In one story I had a character that had been out of steady work for a decade and a hopeless alcoholic during that time. Suffice to say, he let fly with the curses. As did his daughter, who suffered through his abuse for that decade (she was only five when he became this way). She was also an alt/goth person who did everything she could to make herself look both tough and outside of society. If you have a teenager rejecting society with no parental supervision who doesn't drop f-bombs like they're going out of style... well... it makes me feel like the story isn't real.
That being said, in the same story, none of the other characters ever uttered a foul word. I feel like some balance is needed when you have a few of those types of characters. Her language also began to change as she found her way back into the world.
If a reader doesn't like that one character curses a lot, I've always hoped that would make them more dislike the character, rather than the book. Of course, if that is the main character... well... that's more of a dilemma.
Not sure what the right answer is. I always appreciate realism in a character's language, cursing or no, but then again I have a pretty open mind about profanity. I have a much worse knee-jerk reaction to what I consider the modern profanities, language based around bigotry.
quote:I have a much worse knee-jerk reaction to what I consider the modern profanities, language based around bigotry.
Well, most of the racial-bigotry words are by no means new. I personally tend to react very negatively to language having to do with (usually school-centered) social stratafication and sterotyping. "nerd" "geek" "jock" "emo" "prep" etc. Largely because these words are generally used to demean someone and/or to put them in a very narrow box or sterotype. Whereas most "cuss" words have lost a bit of their power, especially when simply used as expletives, because they are so ubiquitious. Its a bit different when they are actually being used directly at someone. But I think "label" words, now, are infused with almost as much inherent negativity as racial epithets.
My characters swear sometimes, but they understand that if they do it too much the effect will diminish, as others have said. If they do cuss more than I deem necessary for the purposes of dramatic exposition and character development, I tell 'em to shut the f*** up.
[This message has been edited by TaleSpinner (edited May 23, 2008).]
In your fantasy culture, what are some terrible things that people fear, abhor, or consider obscene or distasteful to mention in polite company? Those things make great swears. Here's some examples.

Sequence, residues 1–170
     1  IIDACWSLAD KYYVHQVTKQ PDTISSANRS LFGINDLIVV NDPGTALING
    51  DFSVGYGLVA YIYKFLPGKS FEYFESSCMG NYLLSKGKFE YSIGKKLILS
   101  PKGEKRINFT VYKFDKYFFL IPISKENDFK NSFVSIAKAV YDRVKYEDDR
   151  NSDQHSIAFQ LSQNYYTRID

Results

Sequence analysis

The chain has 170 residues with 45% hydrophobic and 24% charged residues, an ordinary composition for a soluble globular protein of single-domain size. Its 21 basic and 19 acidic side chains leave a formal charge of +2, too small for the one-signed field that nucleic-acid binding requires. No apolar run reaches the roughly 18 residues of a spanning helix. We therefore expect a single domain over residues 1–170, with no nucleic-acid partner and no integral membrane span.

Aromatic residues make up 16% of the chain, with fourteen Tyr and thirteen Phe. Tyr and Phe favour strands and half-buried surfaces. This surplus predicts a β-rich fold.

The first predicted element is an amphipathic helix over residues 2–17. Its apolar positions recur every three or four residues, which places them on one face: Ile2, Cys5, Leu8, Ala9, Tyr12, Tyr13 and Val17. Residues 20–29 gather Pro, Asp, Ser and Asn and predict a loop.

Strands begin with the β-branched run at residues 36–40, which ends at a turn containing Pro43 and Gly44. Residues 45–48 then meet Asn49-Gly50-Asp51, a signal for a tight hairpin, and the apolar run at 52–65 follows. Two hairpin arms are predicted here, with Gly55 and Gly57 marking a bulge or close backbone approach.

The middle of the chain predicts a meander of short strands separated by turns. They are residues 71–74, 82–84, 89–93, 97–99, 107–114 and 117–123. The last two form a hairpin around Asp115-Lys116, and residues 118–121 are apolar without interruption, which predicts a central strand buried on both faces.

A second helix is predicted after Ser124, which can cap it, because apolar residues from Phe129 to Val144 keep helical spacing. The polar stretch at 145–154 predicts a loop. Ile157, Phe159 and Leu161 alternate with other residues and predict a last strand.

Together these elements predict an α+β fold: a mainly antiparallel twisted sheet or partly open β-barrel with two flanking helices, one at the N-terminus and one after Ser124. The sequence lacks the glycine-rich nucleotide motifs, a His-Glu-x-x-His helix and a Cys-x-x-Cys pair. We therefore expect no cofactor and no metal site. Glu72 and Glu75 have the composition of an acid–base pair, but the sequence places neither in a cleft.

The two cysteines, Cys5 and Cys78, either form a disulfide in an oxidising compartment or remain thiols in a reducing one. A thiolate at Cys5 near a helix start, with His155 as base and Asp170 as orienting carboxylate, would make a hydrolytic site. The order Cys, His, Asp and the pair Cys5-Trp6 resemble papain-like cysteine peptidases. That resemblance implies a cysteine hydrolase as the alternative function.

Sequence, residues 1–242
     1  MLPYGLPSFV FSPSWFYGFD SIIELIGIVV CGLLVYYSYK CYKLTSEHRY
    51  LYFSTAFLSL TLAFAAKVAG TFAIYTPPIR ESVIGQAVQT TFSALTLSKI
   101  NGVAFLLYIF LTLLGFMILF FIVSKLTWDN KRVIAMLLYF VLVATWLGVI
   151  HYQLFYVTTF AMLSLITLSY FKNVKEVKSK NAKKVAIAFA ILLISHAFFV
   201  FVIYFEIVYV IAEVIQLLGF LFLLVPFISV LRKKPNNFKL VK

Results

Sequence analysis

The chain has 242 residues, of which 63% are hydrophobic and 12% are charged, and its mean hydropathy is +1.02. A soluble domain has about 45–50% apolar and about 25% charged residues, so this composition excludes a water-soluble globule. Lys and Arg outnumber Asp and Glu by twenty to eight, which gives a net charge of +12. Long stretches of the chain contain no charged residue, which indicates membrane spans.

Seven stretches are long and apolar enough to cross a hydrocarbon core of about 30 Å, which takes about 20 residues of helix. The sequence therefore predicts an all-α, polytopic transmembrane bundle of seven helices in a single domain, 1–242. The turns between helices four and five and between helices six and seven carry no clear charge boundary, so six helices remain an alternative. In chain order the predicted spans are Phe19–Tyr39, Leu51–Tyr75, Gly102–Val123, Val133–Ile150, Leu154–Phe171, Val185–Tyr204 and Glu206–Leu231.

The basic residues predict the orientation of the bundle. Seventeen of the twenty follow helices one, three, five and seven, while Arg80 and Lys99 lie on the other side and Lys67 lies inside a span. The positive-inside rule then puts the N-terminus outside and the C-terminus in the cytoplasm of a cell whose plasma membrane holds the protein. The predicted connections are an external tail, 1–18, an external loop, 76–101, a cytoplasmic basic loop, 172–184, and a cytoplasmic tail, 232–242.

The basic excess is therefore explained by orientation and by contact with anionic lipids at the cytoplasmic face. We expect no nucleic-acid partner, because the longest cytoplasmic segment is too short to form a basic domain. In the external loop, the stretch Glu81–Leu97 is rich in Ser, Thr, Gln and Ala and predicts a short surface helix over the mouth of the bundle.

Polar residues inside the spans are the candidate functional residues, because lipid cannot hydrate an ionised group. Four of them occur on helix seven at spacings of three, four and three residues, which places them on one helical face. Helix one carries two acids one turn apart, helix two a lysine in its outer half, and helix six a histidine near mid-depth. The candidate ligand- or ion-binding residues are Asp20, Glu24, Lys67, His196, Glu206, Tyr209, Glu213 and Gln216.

I've a few cultures in my world, each with unique swears and oaths. A universal, very mild oath is "Blast it" -- which derives from one of the main weapons of magical warfare: direct, controlled explosions. Sorta the equivalent of "shoot".
The prudish Plainspeople have curses similar to what we have -- things dealing with sex, defecation, condemnation from the gods, and demons are all common swears -- but the gods and demons are from their religious system. Among the blood-abhorring Magebound, mentions of blood are very profane. The equivalent of our "Damn you" would be "I'll bleed you dry", or just "bleed you" for short. Red or rudy, a euphemism for blood, is also a common aspect of oaths and swears.
Their archenemies, the Bloodbound, are very heirarchal. Addressing someone without the proper title can be very insulting. Equating someone with an animal -- or worse, an inanimate object -- is the worst insult of all.
Interestingly, "bloody" (a common UK swear word, not exactly polite but not wildly objectionable either; used in a variety of situations such as "Oh cor blimey it ain't life as we bloody know it Jim!") is a corruption of "By your Lady", a religious exclamation from the Middle Ages. And "cor blimey" probably comes from "God blind me".
Since it is relevant to this topic, I thought I'd share a web post from cracked.com that actually does a fair job of showing the origins of insults from around the world.
For an example of the more printable ones, there is a Mandarin insult that translates as "Wear a green hat," which makes no sense without the culture - green hats were part of what male brothel workers wore. Also from Mandarin is "Your mother is a big turtle," which is a roundabout way of calling someone a bastard (because a turtle doesn't know the identity of their father).
Fair warning - many of the insults are rather worse than pg-rated, but all are explained in context. The author of the post (and indeed the nature of the site) was going after the worst insults from around the world, and has no trouble using rather vulgar English to describe them (or be funny while doing so). I know we are supposed to shy away from vulgar material in general on this forum... but this whole topic is specifically about vulgarity, and I did in fact get a few good ideas for curses in my own book from reading this post. I have no reason to believe the research they use to explain the curses is untrue, but even if it is, the explanations are logical and could be helpful in coming up with the profane ways characters from bizarrely different cultures express themselves.
When I finally stopped laughing (and we don't even want to consider WHY I considered the ugly hunchback leper ***** insult so hilarious) I had to bookmark that one. The hunchback curse IS going into my current world slightly amende. Posts: 1588 | Registered: Jul 2007